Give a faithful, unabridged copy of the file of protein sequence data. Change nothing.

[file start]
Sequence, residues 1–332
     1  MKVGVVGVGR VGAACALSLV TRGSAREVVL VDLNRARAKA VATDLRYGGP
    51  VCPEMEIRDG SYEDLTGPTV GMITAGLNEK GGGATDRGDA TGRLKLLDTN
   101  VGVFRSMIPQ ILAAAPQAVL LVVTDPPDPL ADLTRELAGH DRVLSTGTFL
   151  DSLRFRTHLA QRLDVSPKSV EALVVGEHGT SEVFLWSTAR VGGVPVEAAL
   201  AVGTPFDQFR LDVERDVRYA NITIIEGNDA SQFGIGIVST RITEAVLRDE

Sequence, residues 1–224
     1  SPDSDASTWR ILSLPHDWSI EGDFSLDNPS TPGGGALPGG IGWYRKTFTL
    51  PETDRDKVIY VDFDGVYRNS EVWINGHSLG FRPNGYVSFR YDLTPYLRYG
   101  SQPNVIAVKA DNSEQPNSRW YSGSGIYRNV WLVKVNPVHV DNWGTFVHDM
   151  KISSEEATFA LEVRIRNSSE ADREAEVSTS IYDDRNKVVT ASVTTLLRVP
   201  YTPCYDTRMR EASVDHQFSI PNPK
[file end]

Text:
Sequence, residues 1–332
     1  MKVGVVGVGR VGAACALSLV TRGSAREVVL VDLNRARAKA VATDLRYGGP
    51  VCPEMEIRDG SYEDLTGPTV GMITAGLNEK GGGATDRGDA TGRLKLLDTN
   101  VGVFRSMIPQ ILAAAPQAVL LVVTDPPDPL ADLTRELAGH DRVLSTGTFL
   151  DSLRFRTHLA QRLDVSPKSV EALVVGEHGT SEVFLWSTAR VGGVPVEAAL
   201  AVGTPFDQFR LDVERDVRYA NITIIEGNDA SQFGIGIVST RITEAVLRDE

Sequence, residues 1–224
     1  SPDSDASTWR ILSLPHDWSI EGDFSLDNPS TPGGGALPGG IGWYRKTFTL
    51  PETDRDKVIY VDFDGVYRNS EVWINGHSLG FRPNGYVSFR YDLTPYLRYG
   101  SQPNVIAVKA DNSEQPNSRW YSGSGIYRNV WLVKVNPVHV DNWGTFVHDM
   151  KISSEEATFA LEVRIRNSSE ADREAEVSTS IYDDRNKVVT ASVTTLLRVP
   201  YTPCYDTRMR EASVDHQFSI PNPK